There's a conundrum of growing food in outer space: the same optimal conditions that create quick plant growth also leaves them missing a nutrient that protects human eyes from radiation, such as astronauts experience. However, scientists under the direction of Barbara Demmig-Adams at the University of Colorado Boulder have developed a method of using bright pulses of light to trick plants into producing more zeaxanthin, which humans cannot produce on their own but is essential for long-term eye health and visual acuity.

“When we pamper plants in the field, they produce a lot of biomass but they aren’t very nutritious," says Demming-Adams, in describing the paradox of traditional growing methods. The very harsh conditions – such as drought or pathogens – that might make a plant unable to use all the sunlight falling on its leaves also increases the production of zeaxanthin, in anticipation of needing to absorb the extra sunlight safely.

And the very mechanism by which zeaxanthin (pronounced "zee-ah-zan-thin") absorbs light in plants makes it also essential in the human eye to absorb sunlight safety. In fact, the little circle in the center of your retina, the macula, is so orangey-yellow because of all the zeaxanthin harbored there, with light rays being focused on that one small spot.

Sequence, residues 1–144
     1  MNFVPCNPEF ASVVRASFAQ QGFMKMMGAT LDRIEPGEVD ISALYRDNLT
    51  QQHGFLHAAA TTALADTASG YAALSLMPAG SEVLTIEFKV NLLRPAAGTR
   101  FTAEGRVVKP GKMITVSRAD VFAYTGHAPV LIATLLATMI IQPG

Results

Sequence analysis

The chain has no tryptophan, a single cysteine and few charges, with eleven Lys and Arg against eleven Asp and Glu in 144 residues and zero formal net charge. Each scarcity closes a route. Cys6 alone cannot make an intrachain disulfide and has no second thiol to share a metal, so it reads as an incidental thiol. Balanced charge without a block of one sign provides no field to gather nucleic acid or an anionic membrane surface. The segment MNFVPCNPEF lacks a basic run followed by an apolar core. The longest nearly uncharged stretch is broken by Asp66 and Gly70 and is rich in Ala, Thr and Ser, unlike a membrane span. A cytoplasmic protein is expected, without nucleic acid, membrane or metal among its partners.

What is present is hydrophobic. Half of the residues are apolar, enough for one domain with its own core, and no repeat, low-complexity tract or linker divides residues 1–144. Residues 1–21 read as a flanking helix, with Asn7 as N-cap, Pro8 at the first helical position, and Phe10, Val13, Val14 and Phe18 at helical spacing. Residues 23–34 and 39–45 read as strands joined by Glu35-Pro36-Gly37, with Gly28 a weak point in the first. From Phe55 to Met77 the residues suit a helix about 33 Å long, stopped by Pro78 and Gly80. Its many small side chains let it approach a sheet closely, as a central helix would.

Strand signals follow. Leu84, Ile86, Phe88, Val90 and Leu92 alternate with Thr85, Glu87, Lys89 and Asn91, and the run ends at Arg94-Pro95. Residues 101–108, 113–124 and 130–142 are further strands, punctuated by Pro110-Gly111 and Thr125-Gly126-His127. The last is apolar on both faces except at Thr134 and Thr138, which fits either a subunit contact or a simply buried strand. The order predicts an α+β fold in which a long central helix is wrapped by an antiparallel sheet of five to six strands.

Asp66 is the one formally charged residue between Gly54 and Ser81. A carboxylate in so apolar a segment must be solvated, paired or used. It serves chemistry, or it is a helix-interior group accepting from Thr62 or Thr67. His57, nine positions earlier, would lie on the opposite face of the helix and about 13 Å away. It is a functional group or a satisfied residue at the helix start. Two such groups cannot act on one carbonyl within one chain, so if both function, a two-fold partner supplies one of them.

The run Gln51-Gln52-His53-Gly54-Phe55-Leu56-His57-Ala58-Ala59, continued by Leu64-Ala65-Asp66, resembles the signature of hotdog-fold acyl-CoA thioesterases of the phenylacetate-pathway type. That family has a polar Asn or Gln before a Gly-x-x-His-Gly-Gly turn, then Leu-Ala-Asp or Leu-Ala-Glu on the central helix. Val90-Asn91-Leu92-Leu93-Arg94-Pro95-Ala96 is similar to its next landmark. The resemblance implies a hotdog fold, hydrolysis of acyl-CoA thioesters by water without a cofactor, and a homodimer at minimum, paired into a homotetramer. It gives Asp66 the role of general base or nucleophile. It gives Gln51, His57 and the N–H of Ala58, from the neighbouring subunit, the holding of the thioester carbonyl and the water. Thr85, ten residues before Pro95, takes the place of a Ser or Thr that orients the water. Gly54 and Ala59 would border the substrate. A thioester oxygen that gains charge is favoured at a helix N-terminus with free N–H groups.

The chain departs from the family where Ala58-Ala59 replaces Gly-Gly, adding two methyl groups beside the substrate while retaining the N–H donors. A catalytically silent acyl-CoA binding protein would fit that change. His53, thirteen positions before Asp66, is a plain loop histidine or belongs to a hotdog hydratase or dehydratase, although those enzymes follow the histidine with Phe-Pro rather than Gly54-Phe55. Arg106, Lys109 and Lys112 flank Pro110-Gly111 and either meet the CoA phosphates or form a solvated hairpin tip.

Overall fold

Which us brings us back to back to space veggies, or Earth veggies grown in “ideal” conditions. While there are supplements available for carotenoids, other research has shown that uptake into the body still isn’t as good as from plant sources. Additionally, for other reasons such as astronaut morale, fresh vegetables are still desirable.

Therefore, undergraduate researcher Elizabeth Lombardi asked if an understanding of plant behavior – that is, manipulating their environment rather than their genes – could create growing conditions that would increase production and retention of this essential pigment without affecting biomass yields.

After comparing a control of two intensities of light, a brighter one that decreased the size of plants but increased zeaxanthin, and one that was optimum for quick growth, the research team started providing the plants with several daily five-minute bursts of relatively high-intensity light on top of the background of optimum light. They discovered that not only were overall yields unaffected, but that plants were producing and retaining more zeaxanthin, about a four- to five-fold increase over their control counterparts.

Demming-Adams describes this response as the plant preparing ahead. A burst of intense light is not enough to slow the plant’s growth, but does induce them to get their “biomechanical machine ready” in case of more light in the future.

In case you're curious, zeaxanthin's more well-known relatives, beta-carotene and lutein are produced in constant amounts in plants and are not converted into other compounds over time, unlike zeaxanthin. Though measured in this study, these other two carotenoids were not affected by the pulses of light in the same manner.

The research was published in the astronautics journal Acta Astronautica, but as Lombardi pointed out, is relevant to any situation involving growing crops in small areas, like urban farms.